Use of Alternative Solvents for Liquid Chromatographic Analysis of Cationic Surfactants

September 1, 2010

The Application Notebook

Volume 0, Issue 0

Cationic surfactants are used as disinfectants, corrosion inhibitors, phase-transfer catalysts, wetting agents, dispersants, and even mobile phase modifiers in liquid chromatography.

Mark Tracy and Xiaodong Liu, Dionex Corporation

Cationic surfactants are used as disinfectants, corrosion inhibitors, phase-transfer catalysts, wetting agents, dispersants, and even mobile phase modifiers in liquid chromatography. They face two difficulties for successful analysis by LC. First, they tend to have very poor peak shape on conventional reversed-phase columns due to strong ionic interactions with residual silanol groups. Second, many cationic surfactants have no useful UV chromophore. The first problem may be solved by the use of specialized columns. The second problem may be solved by the use of mass spectrometry, charged aerosol detection (CAD), or evaporative light scattering detection (ELSD) with a volatile mobile phase.

The Acclaim® Surfactant is a high-efficiency, silica-based, specialty reversed-phase column designed for the analysis of anionic, cationic, nonionic, and zwitterionic surfactants. Here, the authors compare acetonitrile and four less expensive and less toxic solvents — methanol, ethanol, isopropanol, and acetone for the analysis of cationic surfactants using ELSD.

Experimental Conditions

UltiMate® HPG 3400 RS pump, WPS 3000 TRS sampler, TCC 3000 column oven (Dionex Corporation, Sunnyvale, CA) and SofTA model 1400 evaporative light scattering detector (SofTA Corporation, Westminster, CO). Acetonitrile and methanol UV grade from B&J; ethanol, denatured 3A from BDH; isopropanol and acetone, semiconductor grade from General Chemical.

Results and Discussion

Figure 1 shows a comparison of the chromatograms of the five solvents under the same gradient program. Compared to acetonitrile (trace d), isopropanol (e) was a stronger solvent, while acetone (c), ethanol (b), and methanol (a) were the weaker solvents. The selectivity, efficiency, and resolution were quite similar for acetonitrile and acetone. Alcohols have higher viscosity than acetonitrile or acetone, which results in high operating pressures (as noted in Figure 1) and lower peak efficiency.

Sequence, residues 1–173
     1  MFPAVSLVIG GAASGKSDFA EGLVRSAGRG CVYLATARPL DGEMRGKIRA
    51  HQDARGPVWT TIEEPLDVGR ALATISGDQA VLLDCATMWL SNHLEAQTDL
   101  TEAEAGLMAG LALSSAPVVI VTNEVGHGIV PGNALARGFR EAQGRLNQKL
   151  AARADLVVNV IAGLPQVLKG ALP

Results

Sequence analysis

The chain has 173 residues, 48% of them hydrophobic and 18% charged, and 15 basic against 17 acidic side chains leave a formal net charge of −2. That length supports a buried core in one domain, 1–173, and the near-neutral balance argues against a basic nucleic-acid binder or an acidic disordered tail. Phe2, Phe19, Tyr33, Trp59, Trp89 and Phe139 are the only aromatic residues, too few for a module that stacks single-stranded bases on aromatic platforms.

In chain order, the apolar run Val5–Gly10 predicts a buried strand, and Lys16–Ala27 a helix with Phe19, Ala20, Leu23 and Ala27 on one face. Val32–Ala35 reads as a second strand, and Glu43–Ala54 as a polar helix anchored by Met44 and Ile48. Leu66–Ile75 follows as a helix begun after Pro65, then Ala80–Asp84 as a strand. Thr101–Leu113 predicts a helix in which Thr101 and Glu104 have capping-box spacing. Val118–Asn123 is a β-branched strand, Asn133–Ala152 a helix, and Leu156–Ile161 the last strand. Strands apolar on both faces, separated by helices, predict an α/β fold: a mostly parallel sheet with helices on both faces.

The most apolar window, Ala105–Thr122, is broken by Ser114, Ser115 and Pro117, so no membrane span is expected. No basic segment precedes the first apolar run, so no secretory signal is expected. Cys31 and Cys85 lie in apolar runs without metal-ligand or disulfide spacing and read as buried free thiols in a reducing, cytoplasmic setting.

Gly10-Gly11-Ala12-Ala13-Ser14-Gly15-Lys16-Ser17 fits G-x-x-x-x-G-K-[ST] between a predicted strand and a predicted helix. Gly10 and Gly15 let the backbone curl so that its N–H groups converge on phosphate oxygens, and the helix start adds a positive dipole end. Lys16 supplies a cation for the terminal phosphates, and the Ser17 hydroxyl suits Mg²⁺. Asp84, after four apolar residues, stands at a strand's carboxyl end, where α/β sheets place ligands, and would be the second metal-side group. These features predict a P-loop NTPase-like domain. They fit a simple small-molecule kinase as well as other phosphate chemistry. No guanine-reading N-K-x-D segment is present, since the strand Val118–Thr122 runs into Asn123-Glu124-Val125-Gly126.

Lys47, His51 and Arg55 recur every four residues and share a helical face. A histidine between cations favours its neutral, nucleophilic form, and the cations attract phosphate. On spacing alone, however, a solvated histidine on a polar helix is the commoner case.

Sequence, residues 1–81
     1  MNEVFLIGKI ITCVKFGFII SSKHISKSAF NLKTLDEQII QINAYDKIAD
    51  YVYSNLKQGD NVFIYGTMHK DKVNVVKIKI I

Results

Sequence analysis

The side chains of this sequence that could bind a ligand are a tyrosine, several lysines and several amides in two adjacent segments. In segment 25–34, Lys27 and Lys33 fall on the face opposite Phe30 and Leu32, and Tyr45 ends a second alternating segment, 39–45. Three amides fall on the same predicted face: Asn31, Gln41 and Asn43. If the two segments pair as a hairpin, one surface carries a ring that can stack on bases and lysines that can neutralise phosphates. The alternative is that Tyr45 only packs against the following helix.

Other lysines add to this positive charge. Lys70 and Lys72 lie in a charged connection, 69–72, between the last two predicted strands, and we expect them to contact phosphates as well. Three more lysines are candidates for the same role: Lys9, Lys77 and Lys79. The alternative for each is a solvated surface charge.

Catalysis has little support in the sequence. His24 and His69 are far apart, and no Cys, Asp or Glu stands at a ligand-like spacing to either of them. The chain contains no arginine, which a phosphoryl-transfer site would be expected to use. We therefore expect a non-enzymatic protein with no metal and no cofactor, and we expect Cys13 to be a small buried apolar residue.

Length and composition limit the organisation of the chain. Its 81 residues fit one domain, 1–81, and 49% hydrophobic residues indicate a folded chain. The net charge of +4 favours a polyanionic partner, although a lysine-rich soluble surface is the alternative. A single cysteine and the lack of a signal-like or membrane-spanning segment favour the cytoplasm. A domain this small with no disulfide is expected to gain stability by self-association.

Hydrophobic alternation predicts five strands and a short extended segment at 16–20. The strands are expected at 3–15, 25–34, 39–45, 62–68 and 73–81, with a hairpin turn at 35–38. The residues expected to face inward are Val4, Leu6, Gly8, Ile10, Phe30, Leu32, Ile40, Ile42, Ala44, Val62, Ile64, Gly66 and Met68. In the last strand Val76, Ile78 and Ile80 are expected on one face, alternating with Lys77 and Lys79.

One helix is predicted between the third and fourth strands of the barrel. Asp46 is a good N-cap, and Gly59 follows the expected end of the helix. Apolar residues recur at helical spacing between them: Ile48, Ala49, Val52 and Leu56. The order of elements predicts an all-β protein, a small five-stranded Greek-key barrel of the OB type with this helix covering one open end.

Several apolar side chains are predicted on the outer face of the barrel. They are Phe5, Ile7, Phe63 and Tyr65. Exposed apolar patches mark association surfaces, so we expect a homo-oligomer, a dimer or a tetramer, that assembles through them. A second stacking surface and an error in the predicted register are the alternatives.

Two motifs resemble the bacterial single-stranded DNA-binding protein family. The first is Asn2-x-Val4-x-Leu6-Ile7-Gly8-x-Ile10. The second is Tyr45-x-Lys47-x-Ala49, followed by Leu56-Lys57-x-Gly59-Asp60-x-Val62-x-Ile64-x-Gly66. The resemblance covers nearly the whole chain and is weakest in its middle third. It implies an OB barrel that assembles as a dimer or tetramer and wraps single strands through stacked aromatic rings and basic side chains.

Figure 1: Alternative solvents for the analysis of cationic surfactants. Column: Acclaim Surfactant 3 µm, 3 × 150 mm; column temperature: 25 °C; flow rate: 0.425 mL/min; ELSD spray temperature: 55 °C; drift tube: 65 °C. Gradient program: initially at 35% organic solvent until 1.0 min; linear gradient to 75% organic until 13.5 min; maintained at 75% organic until 17.0 min. Mobile phases: buffer, 100 mM acetic acid in water, adjusted to pH 5.0 with ammonium hydroxide; organic solvent (a) methanol; (b) ethanol; (c) acetone; (d) acetonitrile; (e) isopropanol. Components approx. 75 µg/mL: 1. chloride; 2. bromide; 3. decyltrimethylammonium; 4. dodecyltrimethylammonium; 5. dodecylpyridinium; 6. dodecylbenzyldimethylammonium; 7. tetradecyltrimethylammonium; 8. tetradecylbenzyldimethylammonium; 9. hexadecyltrimethylammonium; 10. hexadecylpyridinium.

Conclusion

The Acclaim Surfactant column provides excellent separation capability for cationic surfactants. Several less-toxic, lower-cost, and more readily available solvents can replace acetonitrile. When using ELSD or CAD detectors, acetone can substitute for acetonitrile. When UV detection is required, methanol and ethanol are useful alternatives.

Acclaim and UltiMate are registered trademarks of Dionex Corporation.

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